Howeidi criticized the burqu ban in France and considers it one among many steps taken against Arabs and Muslims who live in Europe and the United States in general. He described the decision as a declaration of war by European capitals like Paris and Brussels against the burqu. He further drew a parallel with the growing anti-Islamic movement in the Netherlands, which is lead by Geert Wilders, the leader of the Dutch Party for Freedom (PVV).
“The French Republic, which tolerates prostitution in some of its streets at night, was shocked that some women want to wear the burqu in daytime. France considered protecting prostitutes as protecting freedom while wearing burqu is considered as violation of freedom”, added Howeidi.
On the other hand some voices in the Arab world are not enthusiastic to defend the right of women to wear the burqu. Iraqi writer Mohamed Al-Daamei wrote in the wide spread Emirati newspaper Al-Itiihad about the cultural shock of Arabs when they travel to Europe for the first time, and compared the situation with the shock of Europeans when they see a woman wearing the burqu for the first time in their lives: “Meeting a woman who wears the burqu is shocking for an average French person who is used to deal with women who enjoy freedom equally to men and can engage with men in all sorts of political and cultural debates”. He further added: “Seeing a couple kissing (…) in a public street in Europe can be shocking for Arabs too”.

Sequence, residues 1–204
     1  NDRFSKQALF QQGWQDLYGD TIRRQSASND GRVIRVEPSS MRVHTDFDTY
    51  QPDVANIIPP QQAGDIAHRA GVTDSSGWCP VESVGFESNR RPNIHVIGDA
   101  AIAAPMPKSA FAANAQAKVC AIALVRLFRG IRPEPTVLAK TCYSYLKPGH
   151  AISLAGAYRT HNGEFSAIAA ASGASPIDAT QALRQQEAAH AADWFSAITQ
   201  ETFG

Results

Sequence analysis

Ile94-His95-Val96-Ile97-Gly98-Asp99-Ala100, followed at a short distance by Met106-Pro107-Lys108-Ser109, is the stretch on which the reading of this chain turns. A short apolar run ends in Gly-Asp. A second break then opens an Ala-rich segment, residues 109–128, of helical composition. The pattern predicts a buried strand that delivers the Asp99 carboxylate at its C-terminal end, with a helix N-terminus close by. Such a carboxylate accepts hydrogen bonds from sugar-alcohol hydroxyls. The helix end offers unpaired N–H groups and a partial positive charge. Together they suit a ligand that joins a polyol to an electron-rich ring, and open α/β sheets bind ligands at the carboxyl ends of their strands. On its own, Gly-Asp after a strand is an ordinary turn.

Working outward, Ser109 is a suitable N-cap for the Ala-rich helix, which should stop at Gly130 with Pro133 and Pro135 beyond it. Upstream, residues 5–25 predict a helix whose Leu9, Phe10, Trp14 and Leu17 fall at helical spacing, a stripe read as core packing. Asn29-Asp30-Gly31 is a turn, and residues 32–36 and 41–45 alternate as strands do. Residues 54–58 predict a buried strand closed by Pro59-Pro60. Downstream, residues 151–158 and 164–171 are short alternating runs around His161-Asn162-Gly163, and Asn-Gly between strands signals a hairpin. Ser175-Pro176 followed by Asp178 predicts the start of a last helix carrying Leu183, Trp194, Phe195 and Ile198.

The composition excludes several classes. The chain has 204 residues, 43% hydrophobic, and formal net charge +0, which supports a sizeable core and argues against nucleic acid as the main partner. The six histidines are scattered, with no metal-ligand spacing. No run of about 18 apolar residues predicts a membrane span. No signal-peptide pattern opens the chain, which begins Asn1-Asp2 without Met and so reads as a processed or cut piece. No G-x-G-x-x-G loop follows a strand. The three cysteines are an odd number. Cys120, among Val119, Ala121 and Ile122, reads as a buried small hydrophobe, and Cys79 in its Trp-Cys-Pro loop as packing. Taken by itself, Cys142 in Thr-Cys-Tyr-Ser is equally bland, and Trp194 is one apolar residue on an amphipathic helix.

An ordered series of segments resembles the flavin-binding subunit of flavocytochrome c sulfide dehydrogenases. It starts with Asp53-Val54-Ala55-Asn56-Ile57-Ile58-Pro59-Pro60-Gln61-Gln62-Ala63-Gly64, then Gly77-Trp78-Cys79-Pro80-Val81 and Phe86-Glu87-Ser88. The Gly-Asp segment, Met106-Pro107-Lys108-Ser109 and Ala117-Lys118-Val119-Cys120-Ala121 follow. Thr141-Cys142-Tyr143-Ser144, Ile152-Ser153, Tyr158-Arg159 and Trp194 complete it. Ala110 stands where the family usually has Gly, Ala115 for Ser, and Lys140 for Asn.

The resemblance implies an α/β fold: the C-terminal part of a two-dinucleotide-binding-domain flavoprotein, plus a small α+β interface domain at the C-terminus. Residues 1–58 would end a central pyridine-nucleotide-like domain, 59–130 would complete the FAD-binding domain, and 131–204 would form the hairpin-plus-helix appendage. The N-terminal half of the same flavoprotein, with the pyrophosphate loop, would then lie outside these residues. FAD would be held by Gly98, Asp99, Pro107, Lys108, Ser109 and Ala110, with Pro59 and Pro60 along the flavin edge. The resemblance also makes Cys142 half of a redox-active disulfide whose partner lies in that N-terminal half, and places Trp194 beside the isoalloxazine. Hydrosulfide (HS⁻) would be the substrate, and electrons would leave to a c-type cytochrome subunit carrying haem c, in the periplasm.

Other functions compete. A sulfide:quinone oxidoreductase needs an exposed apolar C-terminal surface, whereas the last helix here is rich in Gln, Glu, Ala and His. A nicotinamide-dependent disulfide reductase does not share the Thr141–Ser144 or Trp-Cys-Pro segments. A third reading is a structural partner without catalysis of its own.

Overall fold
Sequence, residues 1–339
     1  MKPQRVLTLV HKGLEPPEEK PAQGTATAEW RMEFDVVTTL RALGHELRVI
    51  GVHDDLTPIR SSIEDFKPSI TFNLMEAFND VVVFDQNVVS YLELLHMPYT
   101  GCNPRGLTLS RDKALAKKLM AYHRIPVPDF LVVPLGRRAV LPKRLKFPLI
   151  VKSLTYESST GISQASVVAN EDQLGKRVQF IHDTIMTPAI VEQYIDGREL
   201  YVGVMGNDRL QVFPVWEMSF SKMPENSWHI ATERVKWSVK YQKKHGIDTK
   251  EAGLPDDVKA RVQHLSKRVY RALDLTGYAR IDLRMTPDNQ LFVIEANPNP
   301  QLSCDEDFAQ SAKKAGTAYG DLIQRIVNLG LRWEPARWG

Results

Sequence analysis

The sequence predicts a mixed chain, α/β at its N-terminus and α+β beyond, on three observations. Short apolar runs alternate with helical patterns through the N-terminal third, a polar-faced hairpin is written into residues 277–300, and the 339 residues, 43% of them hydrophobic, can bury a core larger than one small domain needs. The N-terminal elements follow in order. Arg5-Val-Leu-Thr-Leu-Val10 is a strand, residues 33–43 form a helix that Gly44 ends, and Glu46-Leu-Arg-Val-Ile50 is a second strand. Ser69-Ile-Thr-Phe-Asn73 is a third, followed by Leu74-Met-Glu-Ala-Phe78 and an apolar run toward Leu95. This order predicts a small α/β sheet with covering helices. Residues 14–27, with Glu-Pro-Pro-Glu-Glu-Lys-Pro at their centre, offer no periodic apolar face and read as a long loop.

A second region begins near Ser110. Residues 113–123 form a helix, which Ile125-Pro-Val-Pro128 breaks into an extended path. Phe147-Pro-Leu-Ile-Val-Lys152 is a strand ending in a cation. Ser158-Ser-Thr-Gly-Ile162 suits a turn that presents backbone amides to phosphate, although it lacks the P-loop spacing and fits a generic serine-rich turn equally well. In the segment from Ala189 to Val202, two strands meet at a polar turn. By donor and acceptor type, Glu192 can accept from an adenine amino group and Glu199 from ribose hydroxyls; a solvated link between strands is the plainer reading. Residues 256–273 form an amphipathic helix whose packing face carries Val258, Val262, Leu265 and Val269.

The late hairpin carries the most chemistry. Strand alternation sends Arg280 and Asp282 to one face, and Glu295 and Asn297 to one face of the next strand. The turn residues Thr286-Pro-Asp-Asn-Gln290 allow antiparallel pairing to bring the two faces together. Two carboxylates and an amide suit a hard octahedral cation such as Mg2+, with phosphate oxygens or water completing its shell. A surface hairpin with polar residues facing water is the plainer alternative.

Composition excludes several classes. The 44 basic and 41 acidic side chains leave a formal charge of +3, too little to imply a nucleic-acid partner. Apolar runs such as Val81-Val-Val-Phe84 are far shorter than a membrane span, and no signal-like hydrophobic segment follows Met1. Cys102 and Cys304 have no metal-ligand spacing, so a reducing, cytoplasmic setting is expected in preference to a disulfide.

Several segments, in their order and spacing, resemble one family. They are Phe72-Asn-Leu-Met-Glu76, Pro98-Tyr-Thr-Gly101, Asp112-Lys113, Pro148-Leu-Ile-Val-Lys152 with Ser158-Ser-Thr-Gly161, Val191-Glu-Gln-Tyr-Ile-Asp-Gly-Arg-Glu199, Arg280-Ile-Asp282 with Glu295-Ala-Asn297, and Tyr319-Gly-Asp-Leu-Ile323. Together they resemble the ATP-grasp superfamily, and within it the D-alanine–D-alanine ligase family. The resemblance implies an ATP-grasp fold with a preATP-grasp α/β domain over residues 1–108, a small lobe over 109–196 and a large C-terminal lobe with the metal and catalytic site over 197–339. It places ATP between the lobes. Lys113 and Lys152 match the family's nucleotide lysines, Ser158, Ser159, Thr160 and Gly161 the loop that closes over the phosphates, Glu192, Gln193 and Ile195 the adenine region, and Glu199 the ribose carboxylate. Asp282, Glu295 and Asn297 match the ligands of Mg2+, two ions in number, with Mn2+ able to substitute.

The Iraqi writer blamed the double discourse of some Arab satellite channels, which according to him promote the cause of the burqu in France while they compete to hire the most beautiful female newscasters who do not wear even the hijab.
Don’t curse Europe!
The Egyptian journalist Mohamed Baraka wrote an opinion piece in the Egyptian newspaper Youm 7 under the headline “Don’t curse Europe for banning the burqu!”. Baraka supports the right of Muslim women to wear the hijab in public places in France even at school. In his opinion this is a religious practice that should be respected. But he then explained that according to the Quran and Islamic historians, the burqu did not exist even in the early days of Islam or under the reign of the prophet Mohamed.
“If the burqu issue can be discussed in Islamic countries, how come we blame the French for banning it?”, Baraka said.
Do you have another voice to add? Please contribute to our diversity and send us more links to be published in the comments section alongside the original text.